Description: The authors develop and evaluate a modified invasion percolation (MIP) model for quasi-static immiscible displacement in horizontal fractures. The effects of contact angle, local aperture field geometry, and local in-plane interracial curvature between phases are included in the calculation of invasion pressure for individual sites in a discretized aperture field. This pressure controls the choice of which site is invaded during the displacement process and hence the growth of phase saturation structure within the fracture. To focus on the influence of local in-plane curvature on phase invasion structure, they formulate a simplified nondimensional pressure equation containing a dimensionless curvature number (C) that weighs the relative importance of in-plane curvature and aperture-induced curvature. Through systematic variation of C, they find in-plane interracial curvature to greatly affect the phase invasion structure. As C is increased from zero, phase invasion fronts transition from highly complicated (IP results) to microscopically smooth. In addition, measurements of fracture phase saturations and entrapped cluster statistics (number, maximum size, structural complication) show differential response between wetting and nonwetting invasion with respect to C that is independent of contact angle hysteresis. Comparison to experimental data available at this time substantiates predicted behavior.
Date: January 28, 2000
Partner: UNT Libraries Government Documents Department

Partition of solutes from the gas phase and from water to wet and dry di-n-butyl ether: a linear free energy relationship analysis

Description: Article on the partition of solutes from the gas phase and from water to wet and dry di-n-butyl ether and a linear free energy relationship analysis.
Date: August 13, 2001
Creator: Abraham, M. H. (Michael H.); Zissimos, Andreas M. & Acree, William E. (William Eugene)
Partner: UNT College of Arts and Sciences

Fick's Insights on Liquid Diffusion

Description: In 1855, Adolph Fick published ''On Liquid Diffusion'', mathematically treating salt movements in liquids as a diffusion process, analogous to heat diffusion. Less recognized is the fact that Fick also provided a detailed account of the implications of salt diffusion to transport through membranes. A careful look at Fick (1855) shows that his conceptualization of molecular diffusion was more comprehensive than could be captured with the mathematical methods available to him, and therefore his expression, referred to as Fick's Law, dealt only with salt flux. He viewed salt diffusion in liquids as a binary process, with salt moving in one way and water moving in the other. Fick's analysis of the consequences of such a binary process operating in a hydrophilic pore in a membrane offers insights that are relevant to earth systems. This paper draws attention to Fick's rationale, and its implications to hydrogeological systems. Fick (1829-1901; Figure 1), a gifted scientist, published the first book on medical physics (Fick, 1858), discussing the application of optics, solid mechanics, gas diffusion, and heat budget to biological systems. Fick's paper is divisible into two parts. The first describes his experimental verification of the applicability of Fourier's equation to liquid diffusion. The second is a detailed discussion of diffusion through a membrane. Although Fick's Law specifically quantifies solute flux, Fick visualized a simultaneous movement of water and stated, ''It is evident that a volume of water equal to that of the salt passes simultaneously out of the upper stratum into the lower.'' (Fick, 1855, p.30). Fick drew upon Fourier's model purely by analogy. He assumed that concentration gradient impelled salt movement, without inquiring why concentration gradient should constitute a driving force. As for water movement, he stated intuitively, ''a force of suction comes into play on each side of the membrane, proportional ...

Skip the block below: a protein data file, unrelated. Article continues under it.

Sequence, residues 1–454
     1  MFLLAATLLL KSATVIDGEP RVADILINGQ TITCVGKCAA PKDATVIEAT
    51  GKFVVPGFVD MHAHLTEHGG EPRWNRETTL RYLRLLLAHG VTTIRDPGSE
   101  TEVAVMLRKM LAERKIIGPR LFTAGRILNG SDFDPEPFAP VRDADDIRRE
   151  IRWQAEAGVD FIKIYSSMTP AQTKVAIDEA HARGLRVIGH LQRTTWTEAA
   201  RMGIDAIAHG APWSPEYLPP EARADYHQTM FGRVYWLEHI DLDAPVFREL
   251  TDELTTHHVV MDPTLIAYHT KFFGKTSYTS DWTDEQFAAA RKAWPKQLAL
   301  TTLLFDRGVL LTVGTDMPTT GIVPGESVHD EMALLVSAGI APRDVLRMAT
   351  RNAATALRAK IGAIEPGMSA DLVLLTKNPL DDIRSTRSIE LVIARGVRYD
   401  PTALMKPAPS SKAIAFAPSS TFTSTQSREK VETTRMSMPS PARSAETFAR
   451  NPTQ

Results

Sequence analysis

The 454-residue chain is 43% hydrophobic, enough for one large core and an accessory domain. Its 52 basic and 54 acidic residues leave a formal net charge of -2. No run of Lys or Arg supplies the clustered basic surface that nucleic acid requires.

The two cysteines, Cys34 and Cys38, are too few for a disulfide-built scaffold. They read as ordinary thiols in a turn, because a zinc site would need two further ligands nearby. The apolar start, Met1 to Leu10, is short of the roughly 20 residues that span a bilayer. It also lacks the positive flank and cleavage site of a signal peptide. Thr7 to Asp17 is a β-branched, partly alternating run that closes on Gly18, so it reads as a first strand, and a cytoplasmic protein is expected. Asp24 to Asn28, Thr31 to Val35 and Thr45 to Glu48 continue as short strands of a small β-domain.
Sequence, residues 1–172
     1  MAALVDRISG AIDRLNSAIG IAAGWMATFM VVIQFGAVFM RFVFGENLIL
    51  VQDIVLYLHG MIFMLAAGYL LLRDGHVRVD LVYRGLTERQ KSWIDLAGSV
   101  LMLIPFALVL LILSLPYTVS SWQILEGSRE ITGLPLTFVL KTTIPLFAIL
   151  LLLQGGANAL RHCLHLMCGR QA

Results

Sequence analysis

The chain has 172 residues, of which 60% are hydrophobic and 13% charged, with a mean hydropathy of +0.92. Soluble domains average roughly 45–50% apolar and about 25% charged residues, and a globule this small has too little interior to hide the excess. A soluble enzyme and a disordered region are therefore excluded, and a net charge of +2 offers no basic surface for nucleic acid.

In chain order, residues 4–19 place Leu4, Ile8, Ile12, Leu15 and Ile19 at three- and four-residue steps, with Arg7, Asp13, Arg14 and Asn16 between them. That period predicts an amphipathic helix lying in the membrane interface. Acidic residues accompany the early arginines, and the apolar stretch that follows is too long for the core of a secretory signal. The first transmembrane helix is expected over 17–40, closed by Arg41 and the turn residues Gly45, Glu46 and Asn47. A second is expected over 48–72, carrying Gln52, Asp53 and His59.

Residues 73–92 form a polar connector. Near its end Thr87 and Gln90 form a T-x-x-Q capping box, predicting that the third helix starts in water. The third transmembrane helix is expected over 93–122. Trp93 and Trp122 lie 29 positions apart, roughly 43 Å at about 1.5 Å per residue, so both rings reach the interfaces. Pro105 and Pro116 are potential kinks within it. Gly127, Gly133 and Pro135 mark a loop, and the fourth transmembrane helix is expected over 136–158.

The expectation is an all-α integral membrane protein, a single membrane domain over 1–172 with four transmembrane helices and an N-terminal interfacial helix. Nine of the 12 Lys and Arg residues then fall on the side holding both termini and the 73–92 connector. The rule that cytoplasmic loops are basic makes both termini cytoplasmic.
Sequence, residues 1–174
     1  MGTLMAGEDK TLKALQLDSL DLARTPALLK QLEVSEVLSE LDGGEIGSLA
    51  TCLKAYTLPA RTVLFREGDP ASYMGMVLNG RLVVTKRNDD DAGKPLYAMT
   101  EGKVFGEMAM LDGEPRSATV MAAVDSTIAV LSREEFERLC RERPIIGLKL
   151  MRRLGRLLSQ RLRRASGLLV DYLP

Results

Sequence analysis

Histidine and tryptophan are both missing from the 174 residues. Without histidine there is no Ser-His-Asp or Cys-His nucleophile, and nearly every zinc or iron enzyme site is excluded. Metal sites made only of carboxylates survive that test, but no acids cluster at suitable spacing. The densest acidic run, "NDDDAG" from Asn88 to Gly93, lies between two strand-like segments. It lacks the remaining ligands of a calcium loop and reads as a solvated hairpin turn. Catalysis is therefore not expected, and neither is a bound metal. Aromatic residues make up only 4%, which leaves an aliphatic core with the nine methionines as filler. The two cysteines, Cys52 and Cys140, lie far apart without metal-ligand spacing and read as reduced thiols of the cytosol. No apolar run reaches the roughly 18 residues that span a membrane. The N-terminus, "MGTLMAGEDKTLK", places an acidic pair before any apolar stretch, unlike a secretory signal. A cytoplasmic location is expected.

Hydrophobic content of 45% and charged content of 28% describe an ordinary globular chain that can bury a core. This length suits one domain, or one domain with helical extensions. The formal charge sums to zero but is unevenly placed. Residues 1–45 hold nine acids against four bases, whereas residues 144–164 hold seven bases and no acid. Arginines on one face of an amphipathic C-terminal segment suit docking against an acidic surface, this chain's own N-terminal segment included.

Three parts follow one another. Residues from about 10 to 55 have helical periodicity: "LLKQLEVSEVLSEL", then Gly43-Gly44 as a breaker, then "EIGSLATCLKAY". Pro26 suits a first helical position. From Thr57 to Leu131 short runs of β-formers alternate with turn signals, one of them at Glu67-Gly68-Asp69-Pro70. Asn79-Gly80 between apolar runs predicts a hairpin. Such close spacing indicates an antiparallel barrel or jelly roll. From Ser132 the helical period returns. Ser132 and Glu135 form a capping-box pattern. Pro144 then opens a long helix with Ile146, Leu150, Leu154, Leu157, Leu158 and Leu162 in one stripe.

Date: October 7, 2004
Creator: Narasimhan, T.N.
Partner: UNT Libraries Government Documents Department

Flow channeling and analysis of tracer tests in heterogeneous porous media

Description: Flow and solute transport through porous medium with strongly varying hydraulic conductivity are studied by numerical simulations. The heterogeneity of the porous medium is defined by {sigma} and {lambda}{prime}, which are, respectively, the standard deviation of natural log of permeability values and its correlation range {lambda} divided by transport distance L. The development of flow channeling as a function of these two parameters is demonstrated. The results show that for large heterogeneities, the flow is highly channelized and solute is transported through a few fast paths, and the corresponding breakthrough curves show a high peak at very early times, much shorter than the mean residence time. This effect was studied for a converging radial flow, to simulate tracer tests in a fracture zone or contact-thickness aquifer. It is shown that {sigma}{sup 2}{lambda}{prime} is an appropriate parameter to characterize the tracer dispersion and breakthrough curves. These results are used to study tracer breakthrough data from field experiments performed with nonsorbing tracers. A new procedure is proposed to analyze the results. From the moments of the residence-time distribution represented by the breakthrough curves, the heterogeneity of the porous medium, as characterized by {sigma}{sup 2}{lambda}{prime} and the mean residence time t{sub o}, may be determined.
Date: November 3, 2001
Creator: Moreno, Luis & Tsang, Chin-Fu
Partner: UNT Libraries Government Documents Department

Linear Free Energy Relationship Correlations for Enthalpies of Solvation of Organic Solutes into Room-Temperature Ionic Liquids Based on the Abraham Model with Ion-Specific Equation Coefficients

Description: Article discussing the linear free energy relationship correlations for enthalpies of solvation of organic solutes into room-temperature ionic liquids based on the Abraham model with ion-specific equation coefficients.
Date: August 3, 2009
Creator: Sprunger, Laura M.; Achi, Sai S.; Acree, William E. (William Eugene) & Abraham, M. H. (Michael H.)
Partner: UNT College of Arts and Sciences

A macroscopic relationship for preferential flow in the vadose zone: Theory and Validation